Claire Needell Hollander, New York Times Sunday Review, June 8, 2013
The author is an English teacher at a public middle school in Manhattan and the author of the young adult novel “Something Right Behind Her.”
She criticizes the Common Core State Standards for their excessive emphasis on skills at the expense of contents, emotional engagement, and deep learning.
David Foster Wallace makes a similar point when he says that the value of education is not primarily to learn how to think but what to think about.
Perhaps Howard G. Hendricks put it best: ‘Teaching that impacts is not head to head but heart to heart.’ Probably almost all educators want to have a lasting impact
“IT’S sad,” the kid at the far table told me, “but it’s my favorite poem we worked on.” He was talking about “The Weary Blues,” by Langston Hughes, and although his emotional language was rudimentary, his response was authentic. “So we should read literature that makes us sad?” I asked. He laughed. “Well, sadness, Ms. Hollander, is something people pretty much feel every day.” He looked up at me and smiled incredulously. The connection was obvious to him.
I like it when my students cry, when they read with solemnity and purpose, when the project of making meaning becomes personal. My middle school students turn again and again to highly charged young adult novels. The poems and stories they receive enthusiastically are the ones that pack the most emotional punch. Just as teens like to take physical risks, they are driven to take emotional risks. For teachers, emotion is our lever. The teen mind is our stone.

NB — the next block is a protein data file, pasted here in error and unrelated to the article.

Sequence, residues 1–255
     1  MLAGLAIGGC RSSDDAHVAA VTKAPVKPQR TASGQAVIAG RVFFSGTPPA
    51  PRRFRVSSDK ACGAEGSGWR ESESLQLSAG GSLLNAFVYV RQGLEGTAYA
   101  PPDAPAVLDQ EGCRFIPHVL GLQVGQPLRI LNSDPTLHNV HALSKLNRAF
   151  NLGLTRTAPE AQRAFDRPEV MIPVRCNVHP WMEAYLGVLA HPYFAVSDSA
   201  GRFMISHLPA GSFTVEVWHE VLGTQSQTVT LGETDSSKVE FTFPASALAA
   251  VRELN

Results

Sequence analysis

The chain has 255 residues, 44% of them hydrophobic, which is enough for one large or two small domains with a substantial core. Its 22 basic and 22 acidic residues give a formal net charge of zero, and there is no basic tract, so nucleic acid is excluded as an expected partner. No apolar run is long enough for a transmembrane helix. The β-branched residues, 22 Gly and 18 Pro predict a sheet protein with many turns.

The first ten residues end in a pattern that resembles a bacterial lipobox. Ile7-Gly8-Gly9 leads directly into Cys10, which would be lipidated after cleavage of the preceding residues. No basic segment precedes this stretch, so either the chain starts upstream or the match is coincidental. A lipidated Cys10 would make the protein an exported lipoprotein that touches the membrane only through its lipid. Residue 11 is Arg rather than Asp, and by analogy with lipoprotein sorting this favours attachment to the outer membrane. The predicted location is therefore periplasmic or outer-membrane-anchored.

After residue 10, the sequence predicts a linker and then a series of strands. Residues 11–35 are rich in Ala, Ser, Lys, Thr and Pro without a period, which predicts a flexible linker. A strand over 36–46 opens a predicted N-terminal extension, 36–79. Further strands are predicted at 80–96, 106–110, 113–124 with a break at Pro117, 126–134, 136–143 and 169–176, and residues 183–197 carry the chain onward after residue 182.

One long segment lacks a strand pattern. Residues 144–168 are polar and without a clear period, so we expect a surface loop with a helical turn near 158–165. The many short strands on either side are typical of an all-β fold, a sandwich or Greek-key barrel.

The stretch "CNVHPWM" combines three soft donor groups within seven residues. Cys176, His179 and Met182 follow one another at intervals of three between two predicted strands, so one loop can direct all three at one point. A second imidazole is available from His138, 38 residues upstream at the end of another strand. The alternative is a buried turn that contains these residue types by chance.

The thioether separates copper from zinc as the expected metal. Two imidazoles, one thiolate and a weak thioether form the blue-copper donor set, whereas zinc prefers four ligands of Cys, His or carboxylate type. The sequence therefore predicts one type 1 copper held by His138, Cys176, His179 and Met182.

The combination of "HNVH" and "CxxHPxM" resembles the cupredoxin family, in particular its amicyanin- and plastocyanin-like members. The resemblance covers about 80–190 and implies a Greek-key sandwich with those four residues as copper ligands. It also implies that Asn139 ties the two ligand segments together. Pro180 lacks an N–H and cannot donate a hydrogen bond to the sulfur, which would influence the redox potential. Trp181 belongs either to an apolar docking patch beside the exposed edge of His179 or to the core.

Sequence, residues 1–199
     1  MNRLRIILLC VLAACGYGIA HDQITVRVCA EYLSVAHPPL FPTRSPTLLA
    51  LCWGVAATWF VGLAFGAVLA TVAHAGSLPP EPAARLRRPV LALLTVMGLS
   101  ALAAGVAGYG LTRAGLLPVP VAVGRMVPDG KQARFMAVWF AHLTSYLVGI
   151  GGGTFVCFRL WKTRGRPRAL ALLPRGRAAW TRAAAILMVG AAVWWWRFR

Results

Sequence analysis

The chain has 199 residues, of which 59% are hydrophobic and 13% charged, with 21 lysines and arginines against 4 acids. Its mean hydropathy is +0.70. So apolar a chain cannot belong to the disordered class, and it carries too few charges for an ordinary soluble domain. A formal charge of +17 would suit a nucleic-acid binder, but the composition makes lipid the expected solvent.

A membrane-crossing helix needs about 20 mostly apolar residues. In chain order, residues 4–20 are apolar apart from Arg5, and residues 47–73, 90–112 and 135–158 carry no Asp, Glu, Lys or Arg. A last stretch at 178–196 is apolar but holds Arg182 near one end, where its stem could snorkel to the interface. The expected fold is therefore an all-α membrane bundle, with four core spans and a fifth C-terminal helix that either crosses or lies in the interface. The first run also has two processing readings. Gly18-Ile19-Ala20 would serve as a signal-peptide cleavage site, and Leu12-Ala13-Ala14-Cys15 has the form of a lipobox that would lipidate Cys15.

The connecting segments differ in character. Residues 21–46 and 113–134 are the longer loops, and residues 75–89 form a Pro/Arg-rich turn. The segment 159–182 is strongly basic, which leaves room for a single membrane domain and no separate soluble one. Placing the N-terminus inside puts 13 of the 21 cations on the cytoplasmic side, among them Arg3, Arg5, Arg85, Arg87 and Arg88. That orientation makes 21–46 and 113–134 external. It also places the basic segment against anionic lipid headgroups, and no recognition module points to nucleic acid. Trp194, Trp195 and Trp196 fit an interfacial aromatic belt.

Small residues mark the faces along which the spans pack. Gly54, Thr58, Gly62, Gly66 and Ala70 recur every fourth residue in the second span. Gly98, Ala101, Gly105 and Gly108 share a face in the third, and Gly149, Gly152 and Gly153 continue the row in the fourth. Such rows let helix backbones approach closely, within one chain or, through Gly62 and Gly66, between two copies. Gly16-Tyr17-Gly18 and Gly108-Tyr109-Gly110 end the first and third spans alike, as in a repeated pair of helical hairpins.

Put another way, emotion is the English teacher’s entry point for literary exploration and for the development of the high-level skills outlined in the Common Core State Standards, which have been adopted in 45 states. Unfortunately, the authors of the standards are not particularly interested in emotional risk taking but rather in the avoidance of political risk. It is a rather bloodless effort. […]
There are no agnostic texts on college campuses, but texts dense with philosophical, psychological and moral meaning. There are no state tests for college students. It is time to align our education system with college demands by opening a real discussion about what teens should read in middle school and high school. Tests given to adolescents need to be based on books students read in school.
Put this way, it sounds obvious, but it isn’t what we’re doing. Skills-based standards ignore the basic fact that language learning must occur in a meaningful context. The basis for higher-level learning — for philosophy, psychology, literature, even political science — is the emotions and impulses people feel every day. If we leave them out of the picture, reading is bled of much of its purpose.